Public health professionals trying to provide the nation with facts about the spread of coronavirus are battling a wave of misinformation, as they wrestle with the first major British health crisis of the smartphone era.
Officials are providing regular updates to the media on the spread of the infection, but at the same time half-truths about the best way to treat the illness are already going viral on WhatsApp and other messaging services.
Some are suggesting dubious herbal remedies, while one viral message – which claims to be advice from an uncle who is a Chinese doctor – mixes standard best practice with unverified claims about how best to kill the germs.
While the inherently private nature of WhatsApp makes it hard to track the spread of such material or judge how many people are reading it, some of the posts seen by the Guardian use the standard language of internet chain letters and urge people to forward the advice to friends and family – circumventing the official health communications in the same manner that has allowed anti-vaccination movements to flourish online.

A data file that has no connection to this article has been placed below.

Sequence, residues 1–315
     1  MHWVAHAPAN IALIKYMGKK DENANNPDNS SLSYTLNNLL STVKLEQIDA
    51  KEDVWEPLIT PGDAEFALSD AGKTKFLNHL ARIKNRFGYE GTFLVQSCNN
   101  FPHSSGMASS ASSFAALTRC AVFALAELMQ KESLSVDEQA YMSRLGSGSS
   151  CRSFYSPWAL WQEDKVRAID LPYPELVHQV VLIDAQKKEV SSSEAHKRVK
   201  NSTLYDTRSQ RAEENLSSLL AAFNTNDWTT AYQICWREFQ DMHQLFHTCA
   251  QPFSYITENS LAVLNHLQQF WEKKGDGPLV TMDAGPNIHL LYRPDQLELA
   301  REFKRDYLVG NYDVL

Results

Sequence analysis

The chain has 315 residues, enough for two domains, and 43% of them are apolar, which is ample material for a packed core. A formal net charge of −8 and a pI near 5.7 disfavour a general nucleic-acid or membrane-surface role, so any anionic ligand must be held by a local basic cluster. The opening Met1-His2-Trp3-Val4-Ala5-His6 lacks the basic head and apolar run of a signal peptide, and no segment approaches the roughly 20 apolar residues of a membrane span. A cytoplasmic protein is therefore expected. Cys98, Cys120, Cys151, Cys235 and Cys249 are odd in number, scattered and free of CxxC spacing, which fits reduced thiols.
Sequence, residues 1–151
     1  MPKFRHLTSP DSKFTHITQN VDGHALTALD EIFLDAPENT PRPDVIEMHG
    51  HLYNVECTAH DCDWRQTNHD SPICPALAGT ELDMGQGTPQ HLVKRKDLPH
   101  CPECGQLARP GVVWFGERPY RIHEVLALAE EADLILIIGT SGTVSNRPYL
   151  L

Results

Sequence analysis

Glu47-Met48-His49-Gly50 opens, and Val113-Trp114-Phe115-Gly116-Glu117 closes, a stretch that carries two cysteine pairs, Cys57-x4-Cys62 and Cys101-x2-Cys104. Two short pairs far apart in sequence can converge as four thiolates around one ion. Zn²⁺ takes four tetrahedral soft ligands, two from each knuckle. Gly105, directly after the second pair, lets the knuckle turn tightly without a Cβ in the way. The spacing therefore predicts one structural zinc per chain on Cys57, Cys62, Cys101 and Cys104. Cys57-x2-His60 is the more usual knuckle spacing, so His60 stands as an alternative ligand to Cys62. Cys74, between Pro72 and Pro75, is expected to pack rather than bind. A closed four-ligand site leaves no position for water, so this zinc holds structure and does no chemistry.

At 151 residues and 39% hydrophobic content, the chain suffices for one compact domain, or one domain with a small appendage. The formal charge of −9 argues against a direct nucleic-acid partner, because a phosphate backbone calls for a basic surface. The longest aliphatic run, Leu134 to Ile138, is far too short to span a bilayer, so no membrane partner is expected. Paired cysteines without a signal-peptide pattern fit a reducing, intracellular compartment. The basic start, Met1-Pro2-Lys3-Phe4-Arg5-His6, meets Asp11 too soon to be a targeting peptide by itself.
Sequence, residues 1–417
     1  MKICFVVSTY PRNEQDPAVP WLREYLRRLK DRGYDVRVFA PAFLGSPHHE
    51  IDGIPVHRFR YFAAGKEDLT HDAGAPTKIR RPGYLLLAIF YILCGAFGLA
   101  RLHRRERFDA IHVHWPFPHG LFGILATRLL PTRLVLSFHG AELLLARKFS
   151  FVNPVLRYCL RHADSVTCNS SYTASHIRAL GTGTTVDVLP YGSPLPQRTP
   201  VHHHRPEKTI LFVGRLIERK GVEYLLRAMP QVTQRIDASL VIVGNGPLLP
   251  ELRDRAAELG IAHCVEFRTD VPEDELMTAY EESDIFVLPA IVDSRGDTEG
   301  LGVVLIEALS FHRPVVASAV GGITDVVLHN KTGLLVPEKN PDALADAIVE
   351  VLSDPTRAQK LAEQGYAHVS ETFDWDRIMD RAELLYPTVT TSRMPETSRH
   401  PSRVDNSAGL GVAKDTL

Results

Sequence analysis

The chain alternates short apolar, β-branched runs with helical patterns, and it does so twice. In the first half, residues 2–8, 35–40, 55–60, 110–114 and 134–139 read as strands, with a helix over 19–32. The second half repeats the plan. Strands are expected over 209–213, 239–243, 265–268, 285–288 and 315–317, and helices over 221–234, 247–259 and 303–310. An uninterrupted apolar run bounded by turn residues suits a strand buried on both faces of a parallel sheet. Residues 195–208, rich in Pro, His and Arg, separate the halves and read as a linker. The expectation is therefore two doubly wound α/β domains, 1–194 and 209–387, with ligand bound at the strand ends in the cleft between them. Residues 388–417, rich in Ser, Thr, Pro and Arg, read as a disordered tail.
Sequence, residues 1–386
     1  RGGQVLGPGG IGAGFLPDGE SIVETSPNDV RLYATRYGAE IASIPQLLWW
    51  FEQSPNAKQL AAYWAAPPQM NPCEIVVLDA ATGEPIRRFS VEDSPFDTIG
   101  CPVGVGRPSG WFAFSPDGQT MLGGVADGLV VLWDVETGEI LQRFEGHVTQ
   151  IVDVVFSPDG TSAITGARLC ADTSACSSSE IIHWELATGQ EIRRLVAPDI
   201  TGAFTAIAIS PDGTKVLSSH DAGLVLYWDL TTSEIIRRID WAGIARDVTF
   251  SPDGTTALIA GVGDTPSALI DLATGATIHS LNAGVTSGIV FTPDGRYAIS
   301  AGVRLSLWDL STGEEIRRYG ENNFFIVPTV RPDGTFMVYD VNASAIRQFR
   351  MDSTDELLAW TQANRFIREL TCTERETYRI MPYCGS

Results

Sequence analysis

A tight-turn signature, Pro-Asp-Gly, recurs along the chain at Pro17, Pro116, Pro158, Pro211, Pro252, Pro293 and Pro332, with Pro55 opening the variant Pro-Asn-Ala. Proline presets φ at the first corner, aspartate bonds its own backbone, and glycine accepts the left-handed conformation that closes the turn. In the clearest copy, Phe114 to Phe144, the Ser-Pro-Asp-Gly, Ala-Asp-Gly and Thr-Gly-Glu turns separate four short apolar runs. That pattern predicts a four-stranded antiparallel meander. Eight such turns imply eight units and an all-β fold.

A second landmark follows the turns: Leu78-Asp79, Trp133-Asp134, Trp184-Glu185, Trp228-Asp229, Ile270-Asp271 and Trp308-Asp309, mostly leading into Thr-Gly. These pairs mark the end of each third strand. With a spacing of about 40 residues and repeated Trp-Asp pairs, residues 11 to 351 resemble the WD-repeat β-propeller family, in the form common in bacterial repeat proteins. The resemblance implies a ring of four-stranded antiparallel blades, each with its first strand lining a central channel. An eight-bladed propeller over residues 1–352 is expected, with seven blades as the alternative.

Prof David Harper, a former chief scientist at the Department of Health, said the UK’s established communications strategy for a public health crisis is to have a trusted medical figure rather than a politician deliver regular updates to the public.
He said this approach worked well during the 2009 influenza pandemic: “It was decided early on that the designated person would be very visible even if there was very little to say. If no one is saying anything then it becomes a cause of concern. It’s much better to be visible and be seen by the public, even if it’s just to repeat what’s been said or say there’s not been much change.”